Workshop on the Convention on Biological Diversity, the Nagoya Protocol and Indigenous Peoples Held at University of New Mexico Law School

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From March 8-10, 2013, Eli Makagon attended a workshop in Albuquerque, New Mexico addressing the rights of Indigenous peoples related to the Convention on Biological Diversity and the Nagoya Protocol. Co-organized by Jorge Garcia of Centro de la Raza, University of New Mexico and Yolanda Teran of RMIB-LAC, the workshop brought together a variety of participants from the United States and Ecuador to discuss issues regarding access and benefit sharing and community protocols. The first day saw presentations providing an overview of the Nagoya Protocol and the United Nations Declaration on the Rights of Indigenous Peoples. Additionally, Eli presented on the Living Convention on Biocultural Diversity, a tool that Natural Justice is developing to facilitate access to justice for Indigenous peoples and local communities.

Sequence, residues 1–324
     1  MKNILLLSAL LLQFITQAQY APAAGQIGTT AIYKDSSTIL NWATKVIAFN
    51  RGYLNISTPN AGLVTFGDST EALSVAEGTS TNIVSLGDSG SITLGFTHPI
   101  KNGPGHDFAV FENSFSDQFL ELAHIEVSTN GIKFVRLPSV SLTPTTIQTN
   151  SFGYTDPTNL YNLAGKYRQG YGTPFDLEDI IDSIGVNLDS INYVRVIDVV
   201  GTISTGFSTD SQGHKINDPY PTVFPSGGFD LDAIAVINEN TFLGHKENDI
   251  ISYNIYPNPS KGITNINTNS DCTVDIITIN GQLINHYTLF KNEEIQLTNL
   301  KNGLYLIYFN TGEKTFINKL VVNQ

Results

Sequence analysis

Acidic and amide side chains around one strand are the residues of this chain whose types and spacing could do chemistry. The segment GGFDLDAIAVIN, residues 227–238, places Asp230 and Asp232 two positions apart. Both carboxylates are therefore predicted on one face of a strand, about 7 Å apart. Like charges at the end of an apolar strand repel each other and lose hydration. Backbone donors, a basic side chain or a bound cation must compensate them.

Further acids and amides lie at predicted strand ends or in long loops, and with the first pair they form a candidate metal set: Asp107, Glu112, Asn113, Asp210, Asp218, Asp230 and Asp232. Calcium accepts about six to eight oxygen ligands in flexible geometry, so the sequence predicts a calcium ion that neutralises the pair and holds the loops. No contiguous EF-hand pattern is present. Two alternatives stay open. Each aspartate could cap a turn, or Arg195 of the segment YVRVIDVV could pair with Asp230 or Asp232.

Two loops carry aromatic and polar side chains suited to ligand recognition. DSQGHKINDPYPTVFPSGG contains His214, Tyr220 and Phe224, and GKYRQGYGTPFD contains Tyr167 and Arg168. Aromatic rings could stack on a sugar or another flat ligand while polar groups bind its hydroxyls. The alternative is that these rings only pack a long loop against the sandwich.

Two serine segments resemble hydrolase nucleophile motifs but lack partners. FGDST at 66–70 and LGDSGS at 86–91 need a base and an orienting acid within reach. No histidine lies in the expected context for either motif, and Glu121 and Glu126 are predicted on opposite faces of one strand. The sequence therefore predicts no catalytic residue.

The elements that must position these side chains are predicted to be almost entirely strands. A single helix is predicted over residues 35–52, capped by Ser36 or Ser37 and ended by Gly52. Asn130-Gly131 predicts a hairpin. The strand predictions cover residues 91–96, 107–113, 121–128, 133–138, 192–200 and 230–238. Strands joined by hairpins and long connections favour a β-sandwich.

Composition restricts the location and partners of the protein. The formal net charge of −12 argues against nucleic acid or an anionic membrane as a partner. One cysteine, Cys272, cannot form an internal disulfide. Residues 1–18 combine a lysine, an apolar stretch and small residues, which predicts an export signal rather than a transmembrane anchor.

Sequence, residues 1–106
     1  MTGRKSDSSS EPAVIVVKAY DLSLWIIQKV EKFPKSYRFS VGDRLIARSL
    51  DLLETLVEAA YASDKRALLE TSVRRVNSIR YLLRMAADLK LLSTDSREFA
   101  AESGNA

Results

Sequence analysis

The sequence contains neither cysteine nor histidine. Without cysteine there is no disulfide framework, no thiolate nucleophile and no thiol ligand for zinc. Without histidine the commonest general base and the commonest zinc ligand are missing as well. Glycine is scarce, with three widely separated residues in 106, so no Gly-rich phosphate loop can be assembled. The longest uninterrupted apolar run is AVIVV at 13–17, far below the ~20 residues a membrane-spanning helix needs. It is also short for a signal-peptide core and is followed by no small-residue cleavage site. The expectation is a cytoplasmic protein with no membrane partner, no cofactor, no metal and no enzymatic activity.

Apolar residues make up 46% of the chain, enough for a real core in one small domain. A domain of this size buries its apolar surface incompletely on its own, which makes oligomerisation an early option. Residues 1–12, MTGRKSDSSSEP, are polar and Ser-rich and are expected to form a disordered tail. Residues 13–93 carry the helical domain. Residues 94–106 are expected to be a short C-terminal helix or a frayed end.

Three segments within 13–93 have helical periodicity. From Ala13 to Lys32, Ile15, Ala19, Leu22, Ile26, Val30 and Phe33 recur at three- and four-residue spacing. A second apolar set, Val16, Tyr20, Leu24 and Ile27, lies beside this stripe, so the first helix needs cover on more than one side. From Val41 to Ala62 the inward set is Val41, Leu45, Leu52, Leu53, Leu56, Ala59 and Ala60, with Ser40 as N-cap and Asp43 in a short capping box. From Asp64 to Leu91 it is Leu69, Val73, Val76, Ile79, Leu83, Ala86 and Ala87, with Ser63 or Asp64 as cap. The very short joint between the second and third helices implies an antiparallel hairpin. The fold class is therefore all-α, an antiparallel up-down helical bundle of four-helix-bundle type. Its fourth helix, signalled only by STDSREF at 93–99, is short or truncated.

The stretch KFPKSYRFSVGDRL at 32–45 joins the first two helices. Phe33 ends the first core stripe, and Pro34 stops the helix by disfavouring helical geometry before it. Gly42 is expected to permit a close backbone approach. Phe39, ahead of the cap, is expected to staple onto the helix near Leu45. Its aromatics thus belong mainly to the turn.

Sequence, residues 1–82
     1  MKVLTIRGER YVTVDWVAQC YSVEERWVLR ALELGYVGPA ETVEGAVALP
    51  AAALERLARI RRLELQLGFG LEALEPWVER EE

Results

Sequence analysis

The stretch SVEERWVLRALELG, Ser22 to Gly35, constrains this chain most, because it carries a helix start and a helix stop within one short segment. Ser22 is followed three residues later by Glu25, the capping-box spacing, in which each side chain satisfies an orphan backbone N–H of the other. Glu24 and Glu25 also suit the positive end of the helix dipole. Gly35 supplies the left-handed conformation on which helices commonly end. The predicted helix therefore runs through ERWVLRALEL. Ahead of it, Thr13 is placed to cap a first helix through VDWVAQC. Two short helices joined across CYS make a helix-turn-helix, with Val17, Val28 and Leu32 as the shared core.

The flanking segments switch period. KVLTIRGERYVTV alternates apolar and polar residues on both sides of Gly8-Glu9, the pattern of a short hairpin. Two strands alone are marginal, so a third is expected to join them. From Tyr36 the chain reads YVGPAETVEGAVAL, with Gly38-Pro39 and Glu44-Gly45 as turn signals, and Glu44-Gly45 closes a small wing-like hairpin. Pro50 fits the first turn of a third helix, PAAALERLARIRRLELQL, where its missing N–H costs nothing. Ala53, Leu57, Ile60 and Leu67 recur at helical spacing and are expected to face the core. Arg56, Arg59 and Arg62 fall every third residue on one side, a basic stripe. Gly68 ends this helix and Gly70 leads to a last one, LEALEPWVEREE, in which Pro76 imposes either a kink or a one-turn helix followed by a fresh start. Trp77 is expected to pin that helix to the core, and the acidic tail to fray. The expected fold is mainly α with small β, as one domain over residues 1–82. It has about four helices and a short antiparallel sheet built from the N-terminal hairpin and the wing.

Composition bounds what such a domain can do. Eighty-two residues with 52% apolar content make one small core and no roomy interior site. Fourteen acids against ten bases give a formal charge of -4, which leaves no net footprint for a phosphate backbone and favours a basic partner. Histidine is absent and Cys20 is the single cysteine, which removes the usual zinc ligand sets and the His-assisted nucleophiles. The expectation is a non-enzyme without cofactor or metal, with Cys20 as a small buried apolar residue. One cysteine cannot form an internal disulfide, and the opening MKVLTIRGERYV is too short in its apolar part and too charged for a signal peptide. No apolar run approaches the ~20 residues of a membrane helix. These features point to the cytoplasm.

Role playing exercise to explore
the different perspectives of stakeholders
involved in the development of BCPs.
(Copyright: Eli Makagon)

The second day of the workshop revolved around biocultural community protocols (BCPs). Eli provided a general overview of BCPs and gave examples of some of the BCPs that communities have developed. The participants then broke into small groups to conduct a role-playing exercise that explored the different perspectives of stakeholders who are often involved in the development of a BCP.

On the third day, participants discussed the implications of the fact that the term “indigenous and local communities,” which does not contain the word “peoples,” is used in the Convention on Biological Diversity (CBD) and its subsidiary instruments. The discussion helped to inform a submission that will be made to the CBD Conference of the Parties in 2014 seeking to add the word “peoples” to the term “indigenous and local communities.”

13 March 2013

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